Another meta-analysis of ten studies showed that compared to healthy controls, patients with schizophrenia or schizoaffective disorder were significantly more likely to have impaired decision-making capacity in terms of understanding, reasoning, appreciation and expression of a choice in clinical research and treatment, as measured by the MacArthur Competence Assessment Tool (MacCAT) instruments [20]. The standardised mean differences were more significant in older than in younger age subgroups, suggesting that, compared to their healthy counterparts, the impairment of decision-making capacity could be more obvious in older patients than in younger patients. In some of the studies included in this meta-analysis, decisional capacity improved in patients with schizophrenia following intensive educational interventions.

Another systematic review explored the degree of impairment in each dimension of decision-making capacity in schizophrenia patients compared to non-psychiatric controls, as assessed by the MacCAT [12]. The odds for a decreased understanding and a decreased appreciation were some five times higher in individuals with schizophrenia than in non-mentally ill controls, those for decreased reasoning almost four times higher, and those for a decreased aptitude to express a choice was over six times higher. The use of an enhanced informed consent form contributed to significant improvements in decision-making capacity compared to the use of standard forms. The authors concluded that even if patients with schizophrenia have a significantly decreased decision-making capacity, they should be considered to be as competent as non-mentally ill controls unless very severe changes were identifiable during the clinical examination [12].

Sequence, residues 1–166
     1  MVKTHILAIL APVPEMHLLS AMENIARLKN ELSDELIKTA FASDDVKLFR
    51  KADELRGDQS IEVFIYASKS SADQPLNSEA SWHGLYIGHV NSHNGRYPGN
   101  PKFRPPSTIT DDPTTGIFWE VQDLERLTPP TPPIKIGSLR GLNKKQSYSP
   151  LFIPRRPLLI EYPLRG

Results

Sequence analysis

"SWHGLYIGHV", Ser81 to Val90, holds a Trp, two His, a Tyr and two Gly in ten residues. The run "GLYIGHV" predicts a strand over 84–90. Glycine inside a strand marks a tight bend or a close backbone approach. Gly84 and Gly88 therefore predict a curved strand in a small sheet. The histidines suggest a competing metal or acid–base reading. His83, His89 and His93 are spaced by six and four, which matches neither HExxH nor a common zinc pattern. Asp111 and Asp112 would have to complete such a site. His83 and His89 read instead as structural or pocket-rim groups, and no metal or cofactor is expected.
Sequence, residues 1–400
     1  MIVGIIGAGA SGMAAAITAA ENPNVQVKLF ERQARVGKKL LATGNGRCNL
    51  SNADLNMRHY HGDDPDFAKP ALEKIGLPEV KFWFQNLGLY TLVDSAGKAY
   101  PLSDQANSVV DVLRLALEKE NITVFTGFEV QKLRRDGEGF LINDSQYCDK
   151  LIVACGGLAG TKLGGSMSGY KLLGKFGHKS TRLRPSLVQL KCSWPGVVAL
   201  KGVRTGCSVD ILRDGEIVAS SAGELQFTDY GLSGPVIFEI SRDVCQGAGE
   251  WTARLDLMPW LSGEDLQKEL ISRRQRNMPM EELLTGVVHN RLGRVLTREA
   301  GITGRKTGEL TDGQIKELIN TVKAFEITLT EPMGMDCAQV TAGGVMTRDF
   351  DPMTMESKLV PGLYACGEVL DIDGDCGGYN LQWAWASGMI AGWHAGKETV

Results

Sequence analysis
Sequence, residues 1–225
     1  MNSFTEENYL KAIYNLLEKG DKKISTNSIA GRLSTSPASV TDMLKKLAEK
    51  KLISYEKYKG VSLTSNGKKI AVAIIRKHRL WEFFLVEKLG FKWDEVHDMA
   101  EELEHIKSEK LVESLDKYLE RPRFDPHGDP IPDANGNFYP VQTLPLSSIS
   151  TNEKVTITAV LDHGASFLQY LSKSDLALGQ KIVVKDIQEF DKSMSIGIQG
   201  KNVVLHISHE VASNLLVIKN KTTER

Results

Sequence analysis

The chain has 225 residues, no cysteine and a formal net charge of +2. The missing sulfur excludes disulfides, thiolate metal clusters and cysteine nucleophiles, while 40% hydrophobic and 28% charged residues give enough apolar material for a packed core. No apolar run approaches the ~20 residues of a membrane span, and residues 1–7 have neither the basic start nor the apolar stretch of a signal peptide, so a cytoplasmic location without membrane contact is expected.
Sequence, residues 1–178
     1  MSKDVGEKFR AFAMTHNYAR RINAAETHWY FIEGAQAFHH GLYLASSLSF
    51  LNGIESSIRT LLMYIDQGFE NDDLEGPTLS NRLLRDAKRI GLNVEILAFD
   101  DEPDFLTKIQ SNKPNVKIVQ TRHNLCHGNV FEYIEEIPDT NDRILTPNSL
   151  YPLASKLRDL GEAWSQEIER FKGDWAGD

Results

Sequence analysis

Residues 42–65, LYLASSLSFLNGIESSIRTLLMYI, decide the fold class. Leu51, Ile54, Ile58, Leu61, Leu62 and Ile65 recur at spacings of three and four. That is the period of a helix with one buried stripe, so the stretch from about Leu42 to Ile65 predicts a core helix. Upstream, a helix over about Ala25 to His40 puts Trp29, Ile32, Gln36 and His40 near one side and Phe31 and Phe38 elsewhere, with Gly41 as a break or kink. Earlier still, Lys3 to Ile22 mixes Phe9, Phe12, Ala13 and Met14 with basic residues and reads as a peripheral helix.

In these four systematic reviews, the decisional capacity of patients with a psychiatric disease was compared with that of patients with a non-psychiatric clinical condition or with that of healthy individuals. All reviews are concurrent in the fact that impairments in decisional capacity can be found in both psychiatric and non-psychiatric patients, and therefore the diagnosis of a psychiatric condition should not be the upfront reason of incapacity. Despite most research being conducted in the hospital setting, those fewer addressing decisional capacity in psychiatric outpatients showed that their capacity to make medical decisions can be much alike to that of the non-psychiatric individuals. Likewise, studies coincidently acknowledge that decisional impairments amongst psychiatric inpatients are temporal and responsive to information-enhancing interventions.

Determining factors of decisional capacity in psychosis patients